The increasing trend of preventive double mastectomies, further fueled by the high profile actress and admired activist Angelina Jolie, has really sparked a lot of debate about whether this seeming “slash and burn” strategy or preventing breast cancer that has not occurred yet is truly beneficial.
The high financial cost
In addition to the obvious financial loss of missing work for recovery time and the high cost of the surgery itself, one must consider the after effects as well. They will probably either opt for reconstructive surgery to have surgeons reconstruct breasts for them, or they will need to wear special bras indefinitely. Surgery is out of control these days with how high the costs are.
The Operating Room costs, the anesthesia, the hospital stay and all the other hidden fees and costs have propelled most surgeries to astronomical proportions that no normal person could pay outright.
Even if insurance covers it, you’re still stuck with a lot of out of pocket bills after this surgery. It can really be financially draining. And to make matter worse, sometimes you still may also have to go through other treatments like radiation or chemotherapy which are of course also costly.
A study that was recently published showed that the survival rates and prevention rates for women who have had this procedure don’t seem to justify the numbers of the surgeries being performed today to remove both breasts almost in their entirety.
The benefit versus the cost (financial and emotional) don’t seem to have the big bang payoff you’d think they would in other words. While there is a small increase in the prevention and in the survival, it really doesn’t seem to warrant the frequency of these types of radical procedures.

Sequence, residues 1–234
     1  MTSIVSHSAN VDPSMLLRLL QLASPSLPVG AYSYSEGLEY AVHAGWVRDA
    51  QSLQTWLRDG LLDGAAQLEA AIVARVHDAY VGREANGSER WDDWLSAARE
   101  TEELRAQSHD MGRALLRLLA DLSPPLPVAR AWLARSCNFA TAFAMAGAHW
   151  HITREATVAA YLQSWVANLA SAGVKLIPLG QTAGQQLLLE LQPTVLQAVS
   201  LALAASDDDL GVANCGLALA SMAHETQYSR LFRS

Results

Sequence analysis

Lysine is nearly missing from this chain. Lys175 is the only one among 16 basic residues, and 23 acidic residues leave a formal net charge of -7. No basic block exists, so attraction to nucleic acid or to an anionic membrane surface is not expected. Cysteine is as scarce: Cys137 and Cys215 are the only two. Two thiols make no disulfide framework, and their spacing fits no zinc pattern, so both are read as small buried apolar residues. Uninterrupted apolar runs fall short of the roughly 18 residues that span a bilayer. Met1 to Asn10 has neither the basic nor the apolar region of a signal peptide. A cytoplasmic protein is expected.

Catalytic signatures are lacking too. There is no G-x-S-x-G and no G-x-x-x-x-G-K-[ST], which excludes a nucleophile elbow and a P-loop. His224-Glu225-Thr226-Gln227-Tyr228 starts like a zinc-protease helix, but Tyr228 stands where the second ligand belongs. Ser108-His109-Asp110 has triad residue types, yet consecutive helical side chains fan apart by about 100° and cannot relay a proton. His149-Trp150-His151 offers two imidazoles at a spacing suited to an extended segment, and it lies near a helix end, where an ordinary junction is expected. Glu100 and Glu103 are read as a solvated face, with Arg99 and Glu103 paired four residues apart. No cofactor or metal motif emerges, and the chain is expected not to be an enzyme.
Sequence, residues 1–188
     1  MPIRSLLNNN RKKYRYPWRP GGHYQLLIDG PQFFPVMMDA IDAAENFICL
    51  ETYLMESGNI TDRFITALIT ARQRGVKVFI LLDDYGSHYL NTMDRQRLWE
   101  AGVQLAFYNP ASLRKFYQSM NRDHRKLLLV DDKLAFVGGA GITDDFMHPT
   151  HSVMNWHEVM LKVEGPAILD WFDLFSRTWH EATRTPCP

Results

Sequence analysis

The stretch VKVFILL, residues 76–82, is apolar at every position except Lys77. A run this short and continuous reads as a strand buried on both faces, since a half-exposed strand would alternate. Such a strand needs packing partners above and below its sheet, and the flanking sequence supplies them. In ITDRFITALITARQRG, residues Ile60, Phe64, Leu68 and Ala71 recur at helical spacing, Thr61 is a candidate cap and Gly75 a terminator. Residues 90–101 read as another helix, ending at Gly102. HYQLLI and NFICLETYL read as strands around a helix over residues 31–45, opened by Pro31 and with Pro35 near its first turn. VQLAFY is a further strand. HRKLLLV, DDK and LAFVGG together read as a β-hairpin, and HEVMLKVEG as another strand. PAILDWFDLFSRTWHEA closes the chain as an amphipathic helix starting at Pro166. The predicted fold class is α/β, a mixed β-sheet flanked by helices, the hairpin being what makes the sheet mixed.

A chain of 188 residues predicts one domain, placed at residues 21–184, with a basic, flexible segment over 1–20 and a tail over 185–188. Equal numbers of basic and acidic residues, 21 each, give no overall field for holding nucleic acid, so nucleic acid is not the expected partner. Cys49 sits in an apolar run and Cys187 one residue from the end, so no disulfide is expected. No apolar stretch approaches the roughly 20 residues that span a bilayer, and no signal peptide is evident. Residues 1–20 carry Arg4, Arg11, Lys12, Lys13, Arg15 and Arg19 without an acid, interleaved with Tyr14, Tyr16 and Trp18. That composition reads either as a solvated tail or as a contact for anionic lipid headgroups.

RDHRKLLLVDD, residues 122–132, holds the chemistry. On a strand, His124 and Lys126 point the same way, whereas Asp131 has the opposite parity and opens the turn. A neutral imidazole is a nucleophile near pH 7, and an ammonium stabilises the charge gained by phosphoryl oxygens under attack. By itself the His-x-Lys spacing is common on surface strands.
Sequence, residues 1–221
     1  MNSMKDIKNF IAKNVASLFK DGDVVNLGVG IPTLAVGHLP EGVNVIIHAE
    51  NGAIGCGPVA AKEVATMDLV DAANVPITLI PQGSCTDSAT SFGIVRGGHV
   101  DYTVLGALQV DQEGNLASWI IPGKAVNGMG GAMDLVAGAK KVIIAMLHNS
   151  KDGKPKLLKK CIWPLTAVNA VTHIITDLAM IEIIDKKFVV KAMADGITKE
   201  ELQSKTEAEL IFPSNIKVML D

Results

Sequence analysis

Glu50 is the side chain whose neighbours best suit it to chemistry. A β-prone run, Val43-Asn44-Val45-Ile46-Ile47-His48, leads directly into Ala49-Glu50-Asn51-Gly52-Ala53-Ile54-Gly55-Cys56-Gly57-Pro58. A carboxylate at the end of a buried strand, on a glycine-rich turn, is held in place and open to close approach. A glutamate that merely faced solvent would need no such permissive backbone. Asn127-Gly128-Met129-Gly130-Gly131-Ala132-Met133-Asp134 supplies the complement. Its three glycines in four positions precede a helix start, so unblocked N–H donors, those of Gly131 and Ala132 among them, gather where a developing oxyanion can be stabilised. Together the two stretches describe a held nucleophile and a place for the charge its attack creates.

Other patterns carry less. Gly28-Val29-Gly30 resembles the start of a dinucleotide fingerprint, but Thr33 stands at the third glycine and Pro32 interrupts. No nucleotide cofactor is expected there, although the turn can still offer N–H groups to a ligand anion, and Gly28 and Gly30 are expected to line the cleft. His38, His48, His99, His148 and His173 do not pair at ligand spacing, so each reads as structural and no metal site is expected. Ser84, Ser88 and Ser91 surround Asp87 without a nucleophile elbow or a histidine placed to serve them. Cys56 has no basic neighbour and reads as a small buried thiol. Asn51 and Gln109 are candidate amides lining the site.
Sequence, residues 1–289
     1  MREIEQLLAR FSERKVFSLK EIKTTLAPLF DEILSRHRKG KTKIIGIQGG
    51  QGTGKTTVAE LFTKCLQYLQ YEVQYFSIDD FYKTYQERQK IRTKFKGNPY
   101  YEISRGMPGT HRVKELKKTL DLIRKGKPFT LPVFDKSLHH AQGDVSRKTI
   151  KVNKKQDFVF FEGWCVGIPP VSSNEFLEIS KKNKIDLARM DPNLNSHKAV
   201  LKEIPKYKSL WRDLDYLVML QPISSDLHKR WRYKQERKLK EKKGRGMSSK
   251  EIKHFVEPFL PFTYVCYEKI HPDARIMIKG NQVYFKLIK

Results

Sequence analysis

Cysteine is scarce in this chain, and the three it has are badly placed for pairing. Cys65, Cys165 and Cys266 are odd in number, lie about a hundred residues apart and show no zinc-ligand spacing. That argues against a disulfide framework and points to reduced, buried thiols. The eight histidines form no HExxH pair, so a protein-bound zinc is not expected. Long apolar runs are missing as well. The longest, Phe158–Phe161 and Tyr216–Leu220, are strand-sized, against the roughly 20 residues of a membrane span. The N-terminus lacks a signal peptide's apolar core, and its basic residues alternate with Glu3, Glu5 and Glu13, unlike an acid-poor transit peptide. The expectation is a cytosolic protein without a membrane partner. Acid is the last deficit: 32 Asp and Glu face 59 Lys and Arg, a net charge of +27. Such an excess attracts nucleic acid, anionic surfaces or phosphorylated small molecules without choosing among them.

There are no doubt numerous emotional repercussions for women who go through a double mastectomy. Essentially, you are eradicating an entire part of your body that you have identified with as part of yourself and part of your femininity for your entire life. It can be really devastating emotionally, especially for women who are not able to have reconstructive surgery.
There’s no number you can put on this, it’s not something you can ever get back, and that’s really a big deal if it’s not going to pay off in the huge way that some people think it does in the end as far as prevention of breast cancer or prolonging of life if someone already has cancer.
Don’t get me wrong, I’m not against double mastectomies. I think it’s a very personal choice and we can only do what we feel is best when faced with potentially devastating news about the state of our breast health.
However, it is alarming the rate at which these surgeries are increasing, and it does make one wonder why more holistic measures aren’t being promoted instead of us just going in and removing all the tissue. It’s kind of a throwing the baby out with the bathwater approach that needs much more studying to prove how much worth it has compared with how much value it actually adds to our breast health.